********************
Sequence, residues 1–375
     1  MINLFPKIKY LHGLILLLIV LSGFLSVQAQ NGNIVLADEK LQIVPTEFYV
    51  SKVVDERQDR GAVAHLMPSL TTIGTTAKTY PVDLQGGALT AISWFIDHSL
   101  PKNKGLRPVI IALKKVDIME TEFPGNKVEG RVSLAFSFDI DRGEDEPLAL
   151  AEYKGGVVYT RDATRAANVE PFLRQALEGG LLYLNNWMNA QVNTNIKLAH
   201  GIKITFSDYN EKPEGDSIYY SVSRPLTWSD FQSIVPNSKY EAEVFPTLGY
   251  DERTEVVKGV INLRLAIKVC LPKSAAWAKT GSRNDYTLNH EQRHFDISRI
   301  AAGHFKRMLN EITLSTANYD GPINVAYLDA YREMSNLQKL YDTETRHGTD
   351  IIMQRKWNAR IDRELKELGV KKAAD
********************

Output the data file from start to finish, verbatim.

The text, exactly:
Sequence, residues 1–375
     1  MINLFPKIKY LHGLILLLIV LSGFLSVQAQ NGNIVLADEK LQIVPTEFYV
    51  SKVVDERQDR GAVAHLMPSL TTIGTTAKTY PVDLQGGALT AISWFIDHSL
   101  PKNKGLRPVI IALKKVDIME TEFPGNKVEG RVSLAFSFDI DRGEDEPLAL
   151  AEYKGGVVYT RDATRAANVE PFLRQALEGG LLYLNNWMNA QVNTNIKLAH
   201  GIKITFSDYN EKPEGDSIYY SVSRPLTWSD FQSIVPNSKY EAEVFPTLGY
   251  DERTEVVKGV INLRLAIKVC LPKSAAWAKT GSRNDYTLNH EQRHFDISRI
   301  AAGHFKRMLN EITLSTANYD GPINVAYLDA YREMSNLQKL YDTETRHGTD
   351  IIMQRKWNAR IDRELKELGV KKAAD